The barbell upright row is one of the most popular exercises for strengthening the back. However, incorrect execution can lead to serious injury. Learn the correct way to do this exercise to avoid pain and injuries. (1)
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What is Barbell Upright Row?
The barbell upright row is a compound movement that targets the entire back body. It is composed of six basic motions: abduction (lifting the weight off the ground), extension (moving the weight away from your midsection), lateral flexion (bending your side), rotation (turning your torso around), and horizontal flexion (bending your waist). (2)
Benefits of barbell Upright Row
The upright row might help you grow muscle mass in your shoulders. This maneuver may be used by exercisers to produce a more defined physique, such as when competing in bodybuilding competitions. It can also make non-competitive exercisers feel less self-conscious when their shoulder is visible, such as while wearing a sleeveless shirt.
Upright rows also contribute to increased shoulder strength. This strength makes it easier to perform everyday exercises. You may find that you can lift heavier grocery bags or that it isn’t as much of a struggle to pick up your children or grandchildren.
A barbell upright row can even help you achieve and maintain shoulder wellness. What exactly does this mean? The stronger the muscles surrounding the shoulder joint, the better it can perform its normal functions. So, healthy shoulders are powerful shoulders.
Another benefit of upright rows is that they can aid in the recovery of certain conditions. For instance, one study found that upright rows appear to help relieve chronic neck muscle pain. (The other exercise offering relief was the lateral raise.)
Some researchers have even discovered that this activity can be used to predict mortality. According to this study, a subject’s performance of the upright row exercise helped predict their approximate age of death.
As if that weren’t enough, the upright row is a compound workout, which provides additional advantages. Compound exercises allow you to work multiple muscles at once. This helps you to cut your workout time without sacrificing results.
Muscles Worked by barbell Upright Row
Because it trains multiple muscular groups at once, the upright row is classified as a compound exercise. The major aim, however, is the deltoid muscle group (shoulder muscle). The deltoids are made up of three muscle heads:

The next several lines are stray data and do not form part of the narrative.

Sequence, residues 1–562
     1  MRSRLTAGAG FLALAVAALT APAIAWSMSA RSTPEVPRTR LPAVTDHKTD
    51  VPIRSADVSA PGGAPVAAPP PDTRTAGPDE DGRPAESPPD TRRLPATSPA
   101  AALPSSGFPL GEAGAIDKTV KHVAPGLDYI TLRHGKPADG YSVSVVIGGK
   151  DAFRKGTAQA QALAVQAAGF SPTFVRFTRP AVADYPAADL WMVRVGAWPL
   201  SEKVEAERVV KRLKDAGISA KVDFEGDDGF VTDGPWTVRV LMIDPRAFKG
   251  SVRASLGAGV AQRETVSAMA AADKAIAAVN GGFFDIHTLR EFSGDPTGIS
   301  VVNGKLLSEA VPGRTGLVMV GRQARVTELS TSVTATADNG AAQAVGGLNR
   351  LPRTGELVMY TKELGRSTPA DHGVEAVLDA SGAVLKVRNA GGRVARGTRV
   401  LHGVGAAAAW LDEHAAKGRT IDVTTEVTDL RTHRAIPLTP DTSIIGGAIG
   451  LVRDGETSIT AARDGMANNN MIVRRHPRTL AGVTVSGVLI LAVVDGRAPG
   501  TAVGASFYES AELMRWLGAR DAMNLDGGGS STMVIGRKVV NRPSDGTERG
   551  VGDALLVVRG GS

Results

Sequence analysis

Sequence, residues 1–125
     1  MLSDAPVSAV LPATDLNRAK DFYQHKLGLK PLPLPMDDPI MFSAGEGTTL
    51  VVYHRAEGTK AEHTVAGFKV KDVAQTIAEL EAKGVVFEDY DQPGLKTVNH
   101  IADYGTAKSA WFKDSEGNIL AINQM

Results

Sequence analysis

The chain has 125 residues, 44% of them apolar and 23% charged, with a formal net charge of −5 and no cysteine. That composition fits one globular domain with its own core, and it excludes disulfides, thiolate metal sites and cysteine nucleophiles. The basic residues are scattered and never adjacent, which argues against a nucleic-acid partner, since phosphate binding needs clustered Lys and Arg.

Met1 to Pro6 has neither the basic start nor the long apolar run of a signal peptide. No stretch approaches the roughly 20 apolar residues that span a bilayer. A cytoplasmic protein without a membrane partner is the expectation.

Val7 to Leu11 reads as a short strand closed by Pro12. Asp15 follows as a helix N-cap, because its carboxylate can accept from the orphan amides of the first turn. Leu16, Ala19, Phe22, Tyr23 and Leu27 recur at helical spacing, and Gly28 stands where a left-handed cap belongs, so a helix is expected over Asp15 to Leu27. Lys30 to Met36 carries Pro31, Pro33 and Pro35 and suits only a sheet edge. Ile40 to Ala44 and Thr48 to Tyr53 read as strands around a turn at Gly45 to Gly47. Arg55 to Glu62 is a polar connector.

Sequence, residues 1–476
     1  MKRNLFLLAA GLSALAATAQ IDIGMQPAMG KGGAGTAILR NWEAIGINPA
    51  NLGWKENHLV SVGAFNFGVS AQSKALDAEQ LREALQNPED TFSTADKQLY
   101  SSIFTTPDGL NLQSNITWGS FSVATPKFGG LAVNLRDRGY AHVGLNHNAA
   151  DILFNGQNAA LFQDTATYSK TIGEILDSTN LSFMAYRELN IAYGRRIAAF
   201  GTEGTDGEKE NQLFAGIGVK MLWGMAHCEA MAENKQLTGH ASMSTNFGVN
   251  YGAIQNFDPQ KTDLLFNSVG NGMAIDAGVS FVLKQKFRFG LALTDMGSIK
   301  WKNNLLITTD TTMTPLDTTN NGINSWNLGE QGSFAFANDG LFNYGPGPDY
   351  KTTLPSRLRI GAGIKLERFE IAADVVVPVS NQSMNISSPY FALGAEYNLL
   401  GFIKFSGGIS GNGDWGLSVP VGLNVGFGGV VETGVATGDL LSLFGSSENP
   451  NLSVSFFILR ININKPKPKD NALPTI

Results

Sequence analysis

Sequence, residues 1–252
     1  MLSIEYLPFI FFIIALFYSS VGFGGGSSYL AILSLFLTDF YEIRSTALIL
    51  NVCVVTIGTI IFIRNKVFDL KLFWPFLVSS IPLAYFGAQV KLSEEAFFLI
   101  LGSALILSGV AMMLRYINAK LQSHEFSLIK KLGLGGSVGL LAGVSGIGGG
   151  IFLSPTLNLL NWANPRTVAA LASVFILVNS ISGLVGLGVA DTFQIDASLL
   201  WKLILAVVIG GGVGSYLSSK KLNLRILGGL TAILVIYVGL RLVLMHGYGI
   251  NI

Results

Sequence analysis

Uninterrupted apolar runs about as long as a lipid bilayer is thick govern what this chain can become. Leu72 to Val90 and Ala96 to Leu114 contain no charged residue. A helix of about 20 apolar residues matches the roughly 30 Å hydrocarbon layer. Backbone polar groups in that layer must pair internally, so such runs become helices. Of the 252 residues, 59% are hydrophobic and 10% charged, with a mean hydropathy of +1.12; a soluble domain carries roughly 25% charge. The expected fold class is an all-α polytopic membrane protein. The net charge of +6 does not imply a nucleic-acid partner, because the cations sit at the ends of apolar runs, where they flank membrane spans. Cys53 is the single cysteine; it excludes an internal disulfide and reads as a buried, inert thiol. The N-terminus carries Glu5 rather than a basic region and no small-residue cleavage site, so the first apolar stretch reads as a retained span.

- Anterior deltoid
- Lateral deltoid
- Posterior deltoid
The barbell row targets the anterior and lateral deltoids rather than the back delts. It also works the rhomboids and trapezius muscles in the back.
The rhomboids are located beneath the trapezius muscles and help with upper limb movement. The trapezius muscle is involved in head movement and posture. The lower and upper trapezius aid in upward scapular rotation, while the middle aids in scapula adduction.
Another muscle target of upright rows is the biceps (biceps brachii). This upper arm muscle aids in the lifting and lowering motion, making the exercise a more complete upper body movement.
How to do Barbell Upright Row
- The barbell upright row is one of the best exercises for building the upper traps and shoulders. Load up a barbell with the weight you want to use and stand facing it with your feet at around shoulder width apart.
- Grasp the barbell with an overhand grip (palms facing down), and hands slightly closer than shoulder-width apart.
- Pick the bar up, bending at the knees and keeping your back straight.
- Keeping your back straight and eyes facing forward, lift the bar straight up while keeping it as close to your body as possible (you should pull the bar up to around chest height – nearly touching your chin).
- After a little pause, steadily lower the bar back to its starting position.
- Repeat for the appropriate number of reps.
barbell upright row Tips:
- Maintain a higher elbow position than your forearms. The elbows propel the movement.
- Maintain a stiff posture for the duration of the set. When lowering the bar, don’t lean forward, and when raising it, don’t lean back. The upright row is made easier by movement, but you won’t get the most out of it.
- Pause and squeeze the traps at the height of the movement before slowly lowering the bar to increase the intensity of the workout.
Common barbell Upright Row Mistakes
Incorrect Range of Motion
As with any workout, a lack of full range of motion when completing the upright row will inhibit your outcomes. It is critical to understand your specific abilities in order to ensure a broad range of motion. Use a range of motion that causes you pain or discomfort at all times. If you suffer pain, reduce the range of motion or switch to a different activity.
Lift the bar to your clavicle for as long as you can do so safely and painlessly. Pulling to chest height will almost probably require less weight than pulling higher. A greater range of motion with less weight, on the other hand, is preferable to a greater range of motion with more weight.
Not Controlling the Descent
A typical mistake that will cause you to miss out on results is not regulating the weight as it drops. The exercise’s eccentric lowering portion is quite stimulating. It will help you grow muscle and strength if you control it rather than letting gravity take over.
Dropping weight greatly increases your risk of injury by putting strain on your shoulder joints and ligaments. It’s preferable to keep the movement under control during the pulling and lowering phases.
Bar Travelling Too Far From Your Body